• avatar

    Gen 1 xB with all its excellence had two exceedingly annoying issues:
    – Inside door handles which do not unlock the doors, at least in front (this is fixed on Gen 2).
    – The button-operated rear gate, which is ok on a luxury liner, but not ok on a car that can run out of battery juice (I forgot to check it on Gen 2).

    I think these days Fit is what xB used to be, especially in the headroom.

  • avatar

    If I was delivering flowers for a living, it would probably an OK vehicle. For everything else, I’ll pass. It looks less like a car and more like the box it came in.


  • avatar

    Gotta tint those windows SO NOBODY KNOWS ITS ME.

    I can’t ride around in anything this ugly without tinted windows.

  • avatar

    As much as I love my sedan, I miss the three Taurus wagons I had. Fun-to-drive they were not. But their ability to swallow huge amounts of stuff and their relatively good fuel mileage made up for all of that. One even had a trailer hitch. I can definitely understand the attraction of the Cube and its ilk every time I have to stuff one or more guitars in the trunk and there’s no room left for anything else.

  • avatar
    Old Guy Ben

    I’ve seen a couple of these around town, thanks for the report.

    The comments are priceless ;)

  • avatar

    Owner of a 2006.5 xB here. Wasn’t a huge fan of the aesthetic until I got in one this year, then was impressed enough to promptly buy one. (Criteria: Competitive street parking, furniture hauling, manual transmission, fuel economy, rear-facing child seat. No other car can compare. Additional Bonus: ∞ reliability.)

    The clarity of design (interior + exterior) is unparalleled at anything near the price – except perhaps now by the Cube. (Note to US car manufacturers: You need to “design” interiors too – not just treat them like the underside of a seat.)

    As for the new US Spec Cube – it is important to note that while it’s based on a Versa platform, it is actually CHEAPER when comparably equipped. Which, given the extra functionality and style, makes it a screaming bargain. I wouldn’t give up my xB1 (Bauhaus>Cartoon) – but I’m heartily recommending the Cube to a friend.

  • avatar

    I like how it is original or has some very established uniqueness. It is not a copy of a Mini Cooper. It is not a copy of a VW design. It is different from the Scion.

    Funky cube city car! Funky, artistic, kind of strange. Maybe a hint of nerdy.

  • avatar

    Wheeled boxes have never appealed to me but they are very practical and do look cool in a cartoonish sort of a way. With most suburban streets overflowing with cookie cutter cross-over SUVs, this youthful design is a refreshing change.

  • avatar

    @Paul Niedermeyer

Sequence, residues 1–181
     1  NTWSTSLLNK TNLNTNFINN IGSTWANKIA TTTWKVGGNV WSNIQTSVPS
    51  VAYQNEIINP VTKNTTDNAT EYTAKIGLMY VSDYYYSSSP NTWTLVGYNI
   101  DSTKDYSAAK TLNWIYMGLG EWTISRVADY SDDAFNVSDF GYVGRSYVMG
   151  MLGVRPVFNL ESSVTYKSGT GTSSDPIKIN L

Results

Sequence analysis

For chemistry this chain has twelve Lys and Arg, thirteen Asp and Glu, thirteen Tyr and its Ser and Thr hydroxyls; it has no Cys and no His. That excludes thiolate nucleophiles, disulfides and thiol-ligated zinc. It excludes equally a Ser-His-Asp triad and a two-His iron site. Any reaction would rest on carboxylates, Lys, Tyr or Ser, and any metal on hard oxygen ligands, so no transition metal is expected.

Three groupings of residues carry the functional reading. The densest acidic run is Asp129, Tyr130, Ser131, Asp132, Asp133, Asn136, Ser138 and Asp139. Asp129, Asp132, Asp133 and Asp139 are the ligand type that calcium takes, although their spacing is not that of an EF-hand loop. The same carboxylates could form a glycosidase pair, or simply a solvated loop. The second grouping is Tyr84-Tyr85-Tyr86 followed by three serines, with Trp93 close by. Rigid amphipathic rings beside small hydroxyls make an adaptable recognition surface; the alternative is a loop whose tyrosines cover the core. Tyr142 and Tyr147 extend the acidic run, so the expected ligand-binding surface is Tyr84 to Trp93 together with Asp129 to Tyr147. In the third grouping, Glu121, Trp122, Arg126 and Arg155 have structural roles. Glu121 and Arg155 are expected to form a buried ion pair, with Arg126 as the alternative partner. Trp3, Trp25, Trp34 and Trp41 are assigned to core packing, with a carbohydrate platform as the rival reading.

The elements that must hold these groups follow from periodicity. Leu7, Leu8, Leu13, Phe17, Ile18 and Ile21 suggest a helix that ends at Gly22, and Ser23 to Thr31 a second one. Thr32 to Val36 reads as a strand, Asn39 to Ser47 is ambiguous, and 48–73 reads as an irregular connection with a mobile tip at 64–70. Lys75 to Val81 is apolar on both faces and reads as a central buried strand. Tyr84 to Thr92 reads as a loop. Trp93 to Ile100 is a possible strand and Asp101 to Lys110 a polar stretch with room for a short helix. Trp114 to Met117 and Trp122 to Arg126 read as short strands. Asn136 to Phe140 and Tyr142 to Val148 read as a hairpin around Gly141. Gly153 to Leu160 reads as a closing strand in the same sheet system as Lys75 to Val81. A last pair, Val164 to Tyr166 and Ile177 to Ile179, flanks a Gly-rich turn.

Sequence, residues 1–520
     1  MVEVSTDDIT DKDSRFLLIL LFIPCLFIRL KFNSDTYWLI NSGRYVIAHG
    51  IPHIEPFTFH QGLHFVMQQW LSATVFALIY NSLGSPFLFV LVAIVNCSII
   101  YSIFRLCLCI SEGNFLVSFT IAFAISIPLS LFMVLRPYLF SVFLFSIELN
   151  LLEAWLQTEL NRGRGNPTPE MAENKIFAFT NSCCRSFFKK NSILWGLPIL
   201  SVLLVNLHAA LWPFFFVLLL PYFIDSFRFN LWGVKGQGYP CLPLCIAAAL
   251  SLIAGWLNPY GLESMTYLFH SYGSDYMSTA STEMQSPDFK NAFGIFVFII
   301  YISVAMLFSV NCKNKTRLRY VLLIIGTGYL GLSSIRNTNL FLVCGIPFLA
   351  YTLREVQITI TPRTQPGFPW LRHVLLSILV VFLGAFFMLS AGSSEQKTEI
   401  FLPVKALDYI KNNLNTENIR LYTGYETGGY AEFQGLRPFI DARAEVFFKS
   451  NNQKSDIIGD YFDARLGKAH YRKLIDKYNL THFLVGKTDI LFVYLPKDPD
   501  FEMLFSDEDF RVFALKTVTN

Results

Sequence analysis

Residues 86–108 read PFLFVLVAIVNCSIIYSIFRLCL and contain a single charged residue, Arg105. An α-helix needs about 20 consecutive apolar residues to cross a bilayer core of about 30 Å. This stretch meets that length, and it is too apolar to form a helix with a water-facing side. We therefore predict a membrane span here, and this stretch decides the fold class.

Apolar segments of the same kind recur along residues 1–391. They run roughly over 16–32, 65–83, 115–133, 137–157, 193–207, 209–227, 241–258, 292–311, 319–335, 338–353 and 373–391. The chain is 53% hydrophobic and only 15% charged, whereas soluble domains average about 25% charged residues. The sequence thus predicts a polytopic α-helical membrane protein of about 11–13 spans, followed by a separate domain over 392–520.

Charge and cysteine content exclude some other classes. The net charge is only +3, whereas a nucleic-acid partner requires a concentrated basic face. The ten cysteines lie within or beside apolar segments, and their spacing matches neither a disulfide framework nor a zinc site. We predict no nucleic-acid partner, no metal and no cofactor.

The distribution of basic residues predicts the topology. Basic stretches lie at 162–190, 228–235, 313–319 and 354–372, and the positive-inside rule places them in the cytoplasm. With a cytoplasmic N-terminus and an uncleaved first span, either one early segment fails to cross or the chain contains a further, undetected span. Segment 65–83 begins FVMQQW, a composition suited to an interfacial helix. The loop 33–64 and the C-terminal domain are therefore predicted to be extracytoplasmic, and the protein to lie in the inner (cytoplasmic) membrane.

I love me them boxes on wheels, too! I think all the naysayers are right, too. This kind of car is for those who get it. If you don’t you never will. (And that’s a good thing in my mind!)

    I lke the Kangoo, too. Shame they’re so expensive down here. I love the Fiat Doblò, too, especially in “Adventure” guise. The Citroën Brlingo, not so much. We don’t get Jap boxes down here. Maybe in 10 yrs when I flip my Palio I’ll bite the bullet and get one. By that time I’ll have some kids,too, so it’ll be perfect.

    +1! Had and loved my (3) Unos!

  • avatar

    The Cube isn’t fugly but it definitely has crossed the cute/precious line. The Xb1 has just enough mean/robotic attitude to pull off the look, and when I wear my RS4 out, I’ll find another, not a Cube.

    Does the Cube backend remind anyone else of an evening dress?

  • avatar

    I am not sure I understand why there is so much approval of this box-like vehicle from a group who iirc seriously disdained the PT Cruiser, which to my eyes is exactly the same sort of vehicle with a very large and flexible interior space.

  • avatar

    My friend, Paul, not at all a car guy, loved the original xB, as do I. He was sorely tempted to buy one, and I tried it out when I was looking for a car in 04. This gen3 cube is not a temptation for either of us. It’s ugly, not cute. That’s too bad. I really like the concept, and I like the gen2 version.

    Contrary to fincar1, I don’t disdain the PT Cruiser in principal. I love that concept, too. But it’s a lousy execution. Pokemon eyes on cars are bad enough, but they ruin something that’s supposed to be retro.

  • avatar

    Looks like it was designed for Wallace and Gromit.

  • avatar
    Kyle Schellenberg

    When the Honda Element first came out, the reviews talked about Honda aiming this vehicle at young people due to its funky styling and cool features. Who ended up buying them? Old people who were thrilled about a small vehicle that would actually fit all the stuff they wanted to cart back and forth to the cottage.

    Styling aside, there are people who buy vehicles for functionality (what a novel concept) and a square vehicle is about as functional as you get. Of course there are now sleeker vehicles that approach that territory such as the Fit and previously mentioned Soul.

    Keep in mind that cubic-feet of storage is not necessarily cubic-feet of usable storage. Some SUVs are almost laughable with their large size, but tiny cargo areas that have non-square openings when you open the gate.

  • avatar